Innovation Monitor: The Augmented Musician — from the Summit 2020 Panel

  • Google Magenta artist and technologist Vibert Thio designed Lo-Fi Player, an interactive music game that uses two machine learning models running in the background: “One, tucked away in the radio, generates new melodies when clicked on; the other, hidden in the TV, interpolates between two melodies to create something that sounds a little bit like both.” Read more about it here.
  • Nylon featured a great dive into AI’s role in the future of music, discussing OpenAI’s music creation model Jukebox, speaking with Holly Herndon on her PROTO album (you really need to see her Eternal video), and overviewing tools like Popgun, “a startup with products that include an app that children can use to create songs with AI.”
  • The Nylon piece above mentions Eurovision’s AI Song Contest, but Bloomberg covers it in greater detail. What’s especially noteworthy is the varying degrees of curation the teams employed for the competition: “The teams used varying degrees of intervention — from including human producers and vocalists and curating their programs’ output to letting the software take control with as little of their interference as possible. The French team Algomus & Friends combined human composition and edited versions of AI-created music and lyrics for a song that sounds more like a typical Eurovision entry.”
  • Google Magenta artist and technologist Vibert Thio designed Lo-Fi Player, an interactive music game that uses two machine learning models running in the background: “One, tucked away in the radio, generates new melodies when clicked on; the other, hidden in the TV, interpolates between two melodies to create something that sounds a little bit like both.” Read more about it here.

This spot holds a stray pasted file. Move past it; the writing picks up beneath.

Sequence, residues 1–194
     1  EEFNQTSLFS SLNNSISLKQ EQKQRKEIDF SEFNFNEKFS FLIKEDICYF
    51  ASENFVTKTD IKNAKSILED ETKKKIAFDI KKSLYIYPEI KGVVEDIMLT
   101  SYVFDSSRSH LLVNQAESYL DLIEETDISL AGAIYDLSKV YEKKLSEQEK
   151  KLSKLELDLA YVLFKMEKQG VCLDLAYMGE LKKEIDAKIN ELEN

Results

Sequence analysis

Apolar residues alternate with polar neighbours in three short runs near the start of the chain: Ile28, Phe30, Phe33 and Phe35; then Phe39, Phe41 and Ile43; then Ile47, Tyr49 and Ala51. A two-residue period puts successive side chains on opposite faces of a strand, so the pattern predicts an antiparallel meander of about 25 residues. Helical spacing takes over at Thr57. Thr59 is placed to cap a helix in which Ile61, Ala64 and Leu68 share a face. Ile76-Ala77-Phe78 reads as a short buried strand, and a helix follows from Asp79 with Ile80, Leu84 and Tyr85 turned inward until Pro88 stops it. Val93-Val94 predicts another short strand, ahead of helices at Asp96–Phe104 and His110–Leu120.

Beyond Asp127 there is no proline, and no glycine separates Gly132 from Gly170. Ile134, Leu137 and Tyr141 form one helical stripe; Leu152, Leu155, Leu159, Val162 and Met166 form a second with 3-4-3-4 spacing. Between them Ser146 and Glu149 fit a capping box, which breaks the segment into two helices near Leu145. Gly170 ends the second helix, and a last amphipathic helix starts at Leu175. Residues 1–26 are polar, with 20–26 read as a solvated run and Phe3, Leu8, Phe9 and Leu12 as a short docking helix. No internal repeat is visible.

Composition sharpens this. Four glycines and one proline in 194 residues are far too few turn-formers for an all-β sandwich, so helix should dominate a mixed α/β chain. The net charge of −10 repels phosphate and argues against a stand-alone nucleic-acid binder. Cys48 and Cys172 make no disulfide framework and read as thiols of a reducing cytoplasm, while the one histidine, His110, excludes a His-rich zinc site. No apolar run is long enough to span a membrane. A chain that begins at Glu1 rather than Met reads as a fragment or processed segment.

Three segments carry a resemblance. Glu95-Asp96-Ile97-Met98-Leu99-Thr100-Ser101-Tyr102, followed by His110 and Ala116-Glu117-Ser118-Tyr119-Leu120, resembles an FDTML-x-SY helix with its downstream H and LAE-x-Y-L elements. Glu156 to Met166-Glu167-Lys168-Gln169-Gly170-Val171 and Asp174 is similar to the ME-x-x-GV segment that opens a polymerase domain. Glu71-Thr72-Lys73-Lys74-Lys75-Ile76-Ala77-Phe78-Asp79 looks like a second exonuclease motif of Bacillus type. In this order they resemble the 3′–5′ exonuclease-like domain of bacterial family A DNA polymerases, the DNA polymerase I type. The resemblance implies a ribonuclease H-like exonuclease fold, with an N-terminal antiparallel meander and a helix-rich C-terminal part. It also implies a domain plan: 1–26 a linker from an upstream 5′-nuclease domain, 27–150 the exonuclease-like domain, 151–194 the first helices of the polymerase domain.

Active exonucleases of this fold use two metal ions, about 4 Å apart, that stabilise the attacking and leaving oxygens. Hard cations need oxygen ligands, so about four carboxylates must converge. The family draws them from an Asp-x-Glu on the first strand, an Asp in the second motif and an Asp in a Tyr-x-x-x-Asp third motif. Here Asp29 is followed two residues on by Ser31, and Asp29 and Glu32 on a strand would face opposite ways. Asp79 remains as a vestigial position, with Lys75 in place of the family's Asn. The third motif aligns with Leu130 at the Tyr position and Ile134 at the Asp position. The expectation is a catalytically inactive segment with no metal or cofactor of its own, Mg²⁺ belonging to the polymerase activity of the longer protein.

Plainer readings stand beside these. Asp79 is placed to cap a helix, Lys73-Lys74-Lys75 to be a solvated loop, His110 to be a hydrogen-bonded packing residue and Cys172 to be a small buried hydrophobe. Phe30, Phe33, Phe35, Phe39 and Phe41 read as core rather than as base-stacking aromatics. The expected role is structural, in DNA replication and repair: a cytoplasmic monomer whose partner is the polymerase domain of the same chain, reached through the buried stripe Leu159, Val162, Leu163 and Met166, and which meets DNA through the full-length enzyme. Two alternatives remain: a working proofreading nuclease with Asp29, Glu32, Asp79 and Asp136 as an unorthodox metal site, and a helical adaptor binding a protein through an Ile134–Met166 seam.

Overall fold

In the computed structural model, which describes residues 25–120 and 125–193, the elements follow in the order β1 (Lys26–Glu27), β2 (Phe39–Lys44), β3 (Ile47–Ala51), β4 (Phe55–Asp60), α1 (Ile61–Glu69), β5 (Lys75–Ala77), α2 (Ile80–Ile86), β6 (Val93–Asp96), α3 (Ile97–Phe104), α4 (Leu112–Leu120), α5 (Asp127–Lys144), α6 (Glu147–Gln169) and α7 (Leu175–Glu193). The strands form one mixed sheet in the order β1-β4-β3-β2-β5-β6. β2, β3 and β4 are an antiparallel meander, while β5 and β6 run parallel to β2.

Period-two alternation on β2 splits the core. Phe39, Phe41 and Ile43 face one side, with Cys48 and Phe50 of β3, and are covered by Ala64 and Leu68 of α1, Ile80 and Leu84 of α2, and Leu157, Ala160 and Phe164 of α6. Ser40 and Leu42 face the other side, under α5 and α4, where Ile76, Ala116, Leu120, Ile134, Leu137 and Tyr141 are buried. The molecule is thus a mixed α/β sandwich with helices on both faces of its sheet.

• Nylon featured a great dive into AI’s role in the future of music, discussing OpenAI’s music creation model Jukebox, speaking with Holly Herndon on her PROTO album (you really need to see her Eternal video), and overviewing tools like Popgun, “a startup with products that include an app that children can use to create songs with AI.”
  • The Nylon piece above mentions Eurovision’s AI Song Contest, but Bloomberg covers it in greater detail. What’s especially noteworthy is the varying degrees of curation the teams employed for the competition: “The teams used varying degrees of intervention — from including human producers and vocalists and curating their programs’ output to letting the software take control with as little of their interference as possible. The French team Algomus & Friends combined human composition and edited versions of AI-created music and lyrics for a song that sounds more like a typical Eurovision entry.”

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